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The Weygand Line I am referring to is the line established by Maxime Weygand in the aftermath of the hugely successful Fall Gelb. Immediately after the evacuation of Dunkirk, French soldiers were being repatriated back to France and presumably bringing back with them knowledge and expertise on the German's tactics. French military technology was also on a parity with the Germans, with better tanks (such as the Somua S.35) and artillery. Their lines were also anchored on the rivers Somme and Aisne. The advantages the Germans had was the number of divisions (142 vs Weygand's ~60) and the qualitative superiority of the Luftwaffe. Significant advantages, yet, it only took 3 weeks for the French army to utterly collapse.

How did the French army collapse so quickly? Were the German advantages in numbers and air superiority that decisive?

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    Sources would improve this question. – Mark C. Wallace Jul 27 '17 at 15:18
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    Is there something deficient in Breaking the Weygand line? or After Dunkirk assertion that "This "Weygand Line" of defenses, named for General Maxime Weygand was weak in that all 64 of his divisions were deployed in the line with none left in reserve to counter any German penetrations." – Mark C. Wallace Jul 27 '17 at 15:19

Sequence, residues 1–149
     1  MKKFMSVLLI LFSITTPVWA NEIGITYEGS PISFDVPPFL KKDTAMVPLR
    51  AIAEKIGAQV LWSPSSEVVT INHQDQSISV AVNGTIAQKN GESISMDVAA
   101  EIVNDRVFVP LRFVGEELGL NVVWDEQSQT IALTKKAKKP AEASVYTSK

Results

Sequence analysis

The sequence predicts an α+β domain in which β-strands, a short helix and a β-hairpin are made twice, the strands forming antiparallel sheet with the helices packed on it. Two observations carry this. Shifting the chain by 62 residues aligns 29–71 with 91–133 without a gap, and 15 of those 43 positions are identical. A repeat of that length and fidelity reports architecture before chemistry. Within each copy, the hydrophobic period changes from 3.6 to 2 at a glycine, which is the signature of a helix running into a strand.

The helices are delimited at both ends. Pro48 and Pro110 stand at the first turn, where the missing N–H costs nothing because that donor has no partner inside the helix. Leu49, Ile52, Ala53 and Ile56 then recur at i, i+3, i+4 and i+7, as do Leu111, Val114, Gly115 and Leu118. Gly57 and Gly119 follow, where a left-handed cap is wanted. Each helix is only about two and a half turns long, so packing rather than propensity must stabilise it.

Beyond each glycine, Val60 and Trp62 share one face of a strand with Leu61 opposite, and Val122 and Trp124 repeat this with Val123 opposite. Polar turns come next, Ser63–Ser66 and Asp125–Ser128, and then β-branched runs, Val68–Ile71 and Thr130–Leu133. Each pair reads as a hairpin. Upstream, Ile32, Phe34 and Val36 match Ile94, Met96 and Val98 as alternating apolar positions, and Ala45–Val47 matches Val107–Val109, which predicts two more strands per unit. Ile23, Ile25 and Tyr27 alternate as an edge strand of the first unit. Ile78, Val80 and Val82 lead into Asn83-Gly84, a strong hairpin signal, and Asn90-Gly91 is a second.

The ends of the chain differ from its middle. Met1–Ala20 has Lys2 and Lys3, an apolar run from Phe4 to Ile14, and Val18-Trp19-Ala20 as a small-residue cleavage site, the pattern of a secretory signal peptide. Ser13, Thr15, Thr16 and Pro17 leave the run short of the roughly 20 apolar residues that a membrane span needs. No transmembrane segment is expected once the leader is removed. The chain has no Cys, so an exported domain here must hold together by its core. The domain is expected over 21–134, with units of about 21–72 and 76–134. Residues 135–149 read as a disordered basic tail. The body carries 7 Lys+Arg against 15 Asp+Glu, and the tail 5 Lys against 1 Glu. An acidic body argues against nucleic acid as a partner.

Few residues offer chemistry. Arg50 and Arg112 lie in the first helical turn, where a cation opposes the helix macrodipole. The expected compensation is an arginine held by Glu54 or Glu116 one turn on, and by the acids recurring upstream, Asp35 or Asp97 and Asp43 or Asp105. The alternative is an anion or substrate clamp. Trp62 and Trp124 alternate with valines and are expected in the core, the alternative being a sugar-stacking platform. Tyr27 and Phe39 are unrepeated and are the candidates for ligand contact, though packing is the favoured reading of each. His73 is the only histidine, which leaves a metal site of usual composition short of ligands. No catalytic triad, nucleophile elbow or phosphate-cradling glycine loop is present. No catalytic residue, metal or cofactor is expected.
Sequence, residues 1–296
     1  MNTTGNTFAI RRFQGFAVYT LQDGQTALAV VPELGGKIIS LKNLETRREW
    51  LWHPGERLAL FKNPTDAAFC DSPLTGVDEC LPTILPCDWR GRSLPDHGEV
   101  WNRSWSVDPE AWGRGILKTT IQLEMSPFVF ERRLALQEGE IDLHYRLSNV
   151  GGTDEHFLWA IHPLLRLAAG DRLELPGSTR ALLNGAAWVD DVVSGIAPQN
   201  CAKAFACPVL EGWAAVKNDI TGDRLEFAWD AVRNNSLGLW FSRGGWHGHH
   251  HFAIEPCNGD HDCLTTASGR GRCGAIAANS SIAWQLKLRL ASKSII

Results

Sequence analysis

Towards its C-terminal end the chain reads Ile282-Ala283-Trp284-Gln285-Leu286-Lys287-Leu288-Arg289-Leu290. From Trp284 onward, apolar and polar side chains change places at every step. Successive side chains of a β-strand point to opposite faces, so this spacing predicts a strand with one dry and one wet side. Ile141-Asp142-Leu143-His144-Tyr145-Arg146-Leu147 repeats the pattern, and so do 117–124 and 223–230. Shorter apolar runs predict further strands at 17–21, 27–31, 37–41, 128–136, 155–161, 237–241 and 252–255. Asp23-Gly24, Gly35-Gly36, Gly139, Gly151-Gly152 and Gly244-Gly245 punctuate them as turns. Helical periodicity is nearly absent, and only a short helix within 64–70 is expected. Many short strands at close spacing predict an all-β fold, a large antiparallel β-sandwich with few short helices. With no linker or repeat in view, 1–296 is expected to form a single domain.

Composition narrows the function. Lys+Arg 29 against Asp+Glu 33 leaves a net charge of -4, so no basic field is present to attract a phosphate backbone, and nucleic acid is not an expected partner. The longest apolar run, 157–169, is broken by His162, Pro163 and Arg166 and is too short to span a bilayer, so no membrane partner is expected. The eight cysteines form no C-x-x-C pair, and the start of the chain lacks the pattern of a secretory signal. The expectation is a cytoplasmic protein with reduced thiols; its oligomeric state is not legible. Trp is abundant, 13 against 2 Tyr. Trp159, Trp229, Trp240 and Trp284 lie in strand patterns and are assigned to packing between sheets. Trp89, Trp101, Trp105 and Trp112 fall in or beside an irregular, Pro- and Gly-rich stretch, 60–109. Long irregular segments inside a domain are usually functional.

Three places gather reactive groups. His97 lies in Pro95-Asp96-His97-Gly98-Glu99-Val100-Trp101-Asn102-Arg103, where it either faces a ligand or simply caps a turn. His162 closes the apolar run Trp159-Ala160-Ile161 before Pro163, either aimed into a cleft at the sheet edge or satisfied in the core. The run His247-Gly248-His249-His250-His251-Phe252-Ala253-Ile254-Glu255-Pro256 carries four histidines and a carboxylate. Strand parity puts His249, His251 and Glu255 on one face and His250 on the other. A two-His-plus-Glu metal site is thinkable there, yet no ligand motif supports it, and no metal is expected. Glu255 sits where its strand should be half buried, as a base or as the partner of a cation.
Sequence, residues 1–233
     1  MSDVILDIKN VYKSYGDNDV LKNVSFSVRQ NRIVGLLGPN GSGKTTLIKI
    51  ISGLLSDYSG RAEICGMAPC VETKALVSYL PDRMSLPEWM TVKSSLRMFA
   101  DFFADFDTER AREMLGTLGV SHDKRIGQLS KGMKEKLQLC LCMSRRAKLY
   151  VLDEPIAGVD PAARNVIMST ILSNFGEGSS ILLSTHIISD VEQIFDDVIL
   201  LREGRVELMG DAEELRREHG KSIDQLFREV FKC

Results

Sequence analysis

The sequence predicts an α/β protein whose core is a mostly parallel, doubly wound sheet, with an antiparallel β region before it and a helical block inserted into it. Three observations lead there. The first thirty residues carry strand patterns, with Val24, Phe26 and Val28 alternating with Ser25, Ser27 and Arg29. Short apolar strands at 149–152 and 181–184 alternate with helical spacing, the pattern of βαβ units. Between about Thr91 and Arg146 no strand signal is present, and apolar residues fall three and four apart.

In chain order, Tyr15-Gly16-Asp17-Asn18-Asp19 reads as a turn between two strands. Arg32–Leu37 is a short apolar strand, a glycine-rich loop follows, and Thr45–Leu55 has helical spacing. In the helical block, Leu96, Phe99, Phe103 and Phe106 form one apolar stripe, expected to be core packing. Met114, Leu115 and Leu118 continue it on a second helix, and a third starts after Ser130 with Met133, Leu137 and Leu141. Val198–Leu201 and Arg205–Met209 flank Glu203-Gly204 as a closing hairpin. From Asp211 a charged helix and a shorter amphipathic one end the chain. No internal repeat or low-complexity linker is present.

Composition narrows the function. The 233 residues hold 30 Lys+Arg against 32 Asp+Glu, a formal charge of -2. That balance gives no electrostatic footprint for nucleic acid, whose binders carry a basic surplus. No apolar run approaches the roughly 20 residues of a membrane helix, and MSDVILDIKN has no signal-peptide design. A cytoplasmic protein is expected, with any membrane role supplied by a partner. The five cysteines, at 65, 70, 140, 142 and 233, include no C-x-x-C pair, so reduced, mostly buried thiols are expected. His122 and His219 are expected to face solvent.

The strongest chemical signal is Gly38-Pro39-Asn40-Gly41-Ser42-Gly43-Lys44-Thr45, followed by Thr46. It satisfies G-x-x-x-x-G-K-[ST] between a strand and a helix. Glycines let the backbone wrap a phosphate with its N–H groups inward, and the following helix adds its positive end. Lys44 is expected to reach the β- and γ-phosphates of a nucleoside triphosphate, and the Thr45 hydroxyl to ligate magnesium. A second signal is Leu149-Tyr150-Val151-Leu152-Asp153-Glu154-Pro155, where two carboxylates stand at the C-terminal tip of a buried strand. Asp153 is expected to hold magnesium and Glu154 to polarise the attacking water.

• Actually, I am surprised that French army lasted three weeks and no less. – Santiago Jul 27 '17 at 17:33
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By June, 1940, the French army had been divided into three roughly equal parts. 1) One third was lost (captured) in the north when the Germans reached the English Channel south of Dunkirk (nearly all the British and Belgians but only a few French were evacuated), one third on the Maginot Line, and only a bit more than one third on the Weygand Line.

After winning in the north, the Germans concentrated most of their army, (including some opposite the Maginot Line), against the Weygand Line, giving them a nearly two to one superiority in numbers and weapons.

It's true that the outnumbered, outgunned French fought bravely and initially held back the Germans in "most" places. The problem was while they were "seldom" defeated on the Weygand Line, they "never" won. For instance, they could not quash any of the three bridgeheads the Germans had pushed across the Somme. Finally Rommel found an opening, pushed through, and won. Given the German superiority of numbers, one or two breakthroughs was sufficient to collapse the whole line.

I remember a ping-pong game I played as a child. Each point lasted 15-20 rounds. Overmatched by an older player, I seldom lost a point but never won. The final score was 21-0, after nearly 400 rounds. That's what happened to the Weygand Line.

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